A very British tradition, afternoon tea is the height of refined sophistication, but it’s a pursuit which is very rarely held at home. We at IDEAL think this is a real shame, as hospitality and hosting burns bright in the hearts of our national consciousness.

Enjoying an afternoon tea in one of London’s many hotels is great, after all who doesn’t like being waited on hand and foot, but as it can often reach over a hundred pounds per head, it’s not sustainable as a frequent hobby. Therefore, throwing your own high tea party could be the best solution. It’s time to throw some tea in the pot, some sandwiches on the table and throw your own do with our guide on how to host the IDEAL afternoon tea party.


If you want your afternoon tea party to reach hotel standards (or, whisper it, exceed them) you’re going to have to invest in some essential items. Fear not, as this only needs to happen once, and once your party gets a reputation as a roaring success, you’ll get plenty of use out of your outlay. A three level tier cake is a must, as there’s something ceremonial about this tall, proud centrepiece.

If you already own silverware, that’s great, but you don’t have to go out and spend excessive amounts on new items; just use your very best chinaware and crockery, and if you don’t own any teacups, charity shops are fantastic for old fashioned floral chinaware. Don’t worry if you can’t find a full complement of items, as a mismatched style actually works really well in the domestic environment. If your heart is set on a set, then personalise it for a really unique, fun finish with Countryside Art Customisable Mugs. Teapots and a cake slicer are other must haves.


The quirkier, the better we think, so don’t hold back. You’ll want to evoke the street parties of yesteryear with hanging bunting and lace doilies as placemats. Channel a Cath Kidson/paisley print style of design, with floral tablecloths or cushions to add that extra sprinkle of homely charm.


If you really want to transport people to another time and place, offer escapism in the form of a theme; and should you change the theme with each event, it will keep things fresh and exciting (and keep people coming back for more, too!). To get the ball rolling, we’re thinking an Alice in Wonderland Mad Hatters Tea Party is about as on point as you can get.

Should you be stuck for ideas, take inspiration from the season that you’re throwing your the event in. If it’s strawberry season, serve strawberry tea and make a centerpiece cake topped with fresh ones. Or why not throw a pink afternoon to commemorate breast cancer awareness month in October, for instance, and raise money for Breast Cancer Care.  


Whether you pronounce it scone or scoooone, insist on sultanas or prefer plain, put your jam on first or open with a layer of cream, it can’t be argued that scones are the very essence of an afternoon tea party. If you don’t serves scones then we’re afraid to say that it’s just having a cuppa with friends. Choose your pronunciation, and don’t falter. Pledge allegiance to a method and stick to it; ‘the Devonshire’ dictates that you should smother a scone in cream before adding jam, while the groupies of ‘the Cornish’ persuasion insist jam should be applied first. But most importantly, serve the very best version you can muster (or buy them in – there’s no shame in that).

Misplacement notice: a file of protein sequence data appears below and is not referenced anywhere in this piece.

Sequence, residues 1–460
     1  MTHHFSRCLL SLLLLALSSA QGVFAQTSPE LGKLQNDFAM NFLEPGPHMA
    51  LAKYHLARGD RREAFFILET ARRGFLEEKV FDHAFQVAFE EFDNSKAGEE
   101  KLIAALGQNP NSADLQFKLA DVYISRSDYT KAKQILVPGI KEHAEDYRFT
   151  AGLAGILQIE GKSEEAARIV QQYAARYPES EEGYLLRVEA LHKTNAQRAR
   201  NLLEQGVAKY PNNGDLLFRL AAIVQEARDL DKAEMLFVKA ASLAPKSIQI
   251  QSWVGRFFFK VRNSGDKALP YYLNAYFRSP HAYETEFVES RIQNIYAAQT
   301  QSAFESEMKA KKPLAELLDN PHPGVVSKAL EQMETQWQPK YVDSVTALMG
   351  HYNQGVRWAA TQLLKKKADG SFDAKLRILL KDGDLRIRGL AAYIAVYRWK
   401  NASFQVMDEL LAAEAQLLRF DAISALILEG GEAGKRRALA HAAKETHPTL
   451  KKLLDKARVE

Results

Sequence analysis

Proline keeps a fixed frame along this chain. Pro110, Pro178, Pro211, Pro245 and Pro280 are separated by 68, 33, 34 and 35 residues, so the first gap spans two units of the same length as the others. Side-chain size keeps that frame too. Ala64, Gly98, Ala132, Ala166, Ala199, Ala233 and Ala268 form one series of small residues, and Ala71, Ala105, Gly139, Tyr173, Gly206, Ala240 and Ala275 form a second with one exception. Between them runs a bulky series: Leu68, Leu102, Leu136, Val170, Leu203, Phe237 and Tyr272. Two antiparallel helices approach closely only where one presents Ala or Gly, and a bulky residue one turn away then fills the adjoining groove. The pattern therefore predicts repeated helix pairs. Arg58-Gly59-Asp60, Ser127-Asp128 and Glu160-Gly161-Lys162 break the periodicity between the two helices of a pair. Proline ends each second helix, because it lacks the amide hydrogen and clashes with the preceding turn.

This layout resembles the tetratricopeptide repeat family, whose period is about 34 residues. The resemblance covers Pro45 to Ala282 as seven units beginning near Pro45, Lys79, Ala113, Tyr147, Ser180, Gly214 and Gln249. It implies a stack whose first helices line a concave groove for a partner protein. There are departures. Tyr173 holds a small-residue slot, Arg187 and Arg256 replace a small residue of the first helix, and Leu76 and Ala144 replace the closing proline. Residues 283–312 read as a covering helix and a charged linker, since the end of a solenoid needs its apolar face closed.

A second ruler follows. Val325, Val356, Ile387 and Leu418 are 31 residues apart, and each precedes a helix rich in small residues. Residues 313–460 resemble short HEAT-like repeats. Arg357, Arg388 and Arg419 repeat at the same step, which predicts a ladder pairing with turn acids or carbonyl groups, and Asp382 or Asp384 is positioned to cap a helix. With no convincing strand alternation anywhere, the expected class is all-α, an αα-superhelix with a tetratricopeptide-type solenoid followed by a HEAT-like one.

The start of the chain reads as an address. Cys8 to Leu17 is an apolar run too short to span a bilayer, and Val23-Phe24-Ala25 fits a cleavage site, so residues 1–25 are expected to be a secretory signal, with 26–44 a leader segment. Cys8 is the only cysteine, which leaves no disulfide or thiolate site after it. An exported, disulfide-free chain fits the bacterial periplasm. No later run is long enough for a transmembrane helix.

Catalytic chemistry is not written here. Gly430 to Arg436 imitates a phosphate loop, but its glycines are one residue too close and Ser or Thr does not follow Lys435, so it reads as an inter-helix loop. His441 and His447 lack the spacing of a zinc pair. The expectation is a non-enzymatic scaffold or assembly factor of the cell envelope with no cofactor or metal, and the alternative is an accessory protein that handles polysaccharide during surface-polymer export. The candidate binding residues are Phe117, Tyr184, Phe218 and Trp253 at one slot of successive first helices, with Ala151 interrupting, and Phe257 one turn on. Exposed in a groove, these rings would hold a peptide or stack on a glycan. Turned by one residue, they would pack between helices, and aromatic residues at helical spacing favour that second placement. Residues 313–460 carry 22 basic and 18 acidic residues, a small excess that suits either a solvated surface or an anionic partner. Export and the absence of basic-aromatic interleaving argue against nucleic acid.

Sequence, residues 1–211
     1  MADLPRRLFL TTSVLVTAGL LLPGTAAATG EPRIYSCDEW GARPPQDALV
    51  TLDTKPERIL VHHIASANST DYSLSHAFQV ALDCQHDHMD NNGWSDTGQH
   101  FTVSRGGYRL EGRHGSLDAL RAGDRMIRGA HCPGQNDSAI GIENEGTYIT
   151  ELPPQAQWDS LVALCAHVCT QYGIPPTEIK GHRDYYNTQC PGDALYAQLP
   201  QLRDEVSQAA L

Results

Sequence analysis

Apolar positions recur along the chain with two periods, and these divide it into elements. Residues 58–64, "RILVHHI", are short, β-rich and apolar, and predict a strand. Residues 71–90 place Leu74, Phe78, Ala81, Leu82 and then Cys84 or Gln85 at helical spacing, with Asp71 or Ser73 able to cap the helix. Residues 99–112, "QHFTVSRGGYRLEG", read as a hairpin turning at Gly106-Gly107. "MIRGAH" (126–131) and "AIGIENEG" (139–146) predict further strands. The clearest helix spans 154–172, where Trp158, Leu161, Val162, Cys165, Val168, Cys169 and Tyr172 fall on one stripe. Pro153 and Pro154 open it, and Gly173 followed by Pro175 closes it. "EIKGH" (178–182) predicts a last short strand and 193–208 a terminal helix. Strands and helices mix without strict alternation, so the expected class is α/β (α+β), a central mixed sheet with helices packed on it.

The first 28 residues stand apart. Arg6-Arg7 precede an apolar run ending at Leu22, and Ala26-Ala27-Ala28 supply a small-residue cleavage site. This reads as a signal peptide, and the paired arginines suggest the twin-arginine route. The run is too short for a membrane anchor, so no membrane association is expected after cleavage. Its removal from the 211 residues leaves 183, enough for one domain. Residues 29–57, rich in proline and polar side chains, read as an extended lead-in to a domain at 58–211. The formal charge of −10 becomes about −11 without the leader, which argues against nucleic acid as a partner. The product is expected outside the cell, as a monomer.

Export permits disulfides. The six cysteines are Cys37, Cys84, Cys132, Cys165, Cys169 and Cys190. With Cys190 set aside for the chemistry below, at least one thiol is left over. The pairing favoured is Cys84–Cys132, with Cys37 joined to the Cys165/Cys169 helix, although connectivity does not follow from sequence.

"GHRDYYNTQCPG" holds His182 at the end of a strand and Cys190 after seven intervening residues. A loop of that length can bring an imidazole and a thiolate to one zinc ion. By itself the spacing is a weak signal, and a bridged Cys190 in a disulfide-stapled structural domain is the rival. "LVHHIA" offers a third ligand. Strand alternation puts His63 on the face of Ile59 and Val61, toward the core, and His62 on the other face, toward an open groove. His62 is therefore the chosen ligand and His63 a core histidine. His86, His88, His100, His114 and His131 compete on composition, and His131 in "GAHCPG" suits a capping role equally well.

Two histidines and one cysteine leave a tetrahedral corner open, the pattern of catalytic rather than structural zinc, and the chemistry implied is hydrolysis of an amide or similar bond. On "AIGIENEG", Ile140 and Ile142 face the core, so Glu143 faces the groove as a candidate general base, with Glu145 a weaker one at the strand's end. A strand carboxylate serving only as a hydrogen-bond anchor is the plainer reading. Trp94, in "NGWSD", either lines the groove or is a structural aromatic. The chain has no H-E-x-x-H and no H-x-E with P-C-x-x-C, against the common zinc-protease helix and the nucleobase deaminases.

The great thing about hosting your own afternoon tea party is that you can choose your favourite finger food, and get as playful or creative with it as you want. Apart from the scones as mainstay, with the rest of the spread you should think about creating different layers and textures. Sandwiches of different shapes, sizes and fillings make up the backbone of the savoury section, but don’t be afraid to serve sausage rolls, quiches and smoked salmon blinis.

Where cakes are concerned (and you should of course be concerned about cakes) get some inspiration from the Great British Bake off and try your hand at making something fancy like a battenberg cake – visually, as well as edibly, stunning – to really impress your guests. And although they’re technically French, here at IDEAL we can’t resist macaroons for a vibrant, eye catching dessert display. And don’t get us started on our love for madeleines.


It’s taken us this long to mention the headlining act, but the clue’s in the name….it’s called a ‘tea’ party, after all. So to make sure the brew doesn’t become an afterthought, it has to be loose tea leaves. Each type of tea requires a different length of infusion time and temperature, so check carefully first. Don’t assume all teas were created equal, as a rule. Filtered water provides the finest results, and generally it’s best to only boil the kettle once for proper aeration.


These days, you can’t throw an afternoon tea party without a glass/bottle or two of prosecco. Afternoon tea is a special occasion after all and nothing says special like a glass of fizz. In the summer months, we think a pink champagne afternoon tea hosted in the garden with strawberry cupcakes is ideal.


As with any party you’re hosting, don’t give yourself too much last minute work. ‘Hosting’ is not simply plonking refreshments down on the table and making youself scarce; quite the opposite in fact; your tea and snacks need to be accompanied by good conversation and attentiveness.

Save yourself some work by making cakes in advance and stashing them in the freezer. However, scones are best served fresh out of the oven, and as they’re such an integral part of the party, you should prep them fresh. Prep the filling for the sandwiches in advance – slice the cucumber in the morning, for instance – but don’t assemble them untill just before eating, as otherwise there’s a danger of soggy bottoms. And you certainly don’t want your party to be known for that.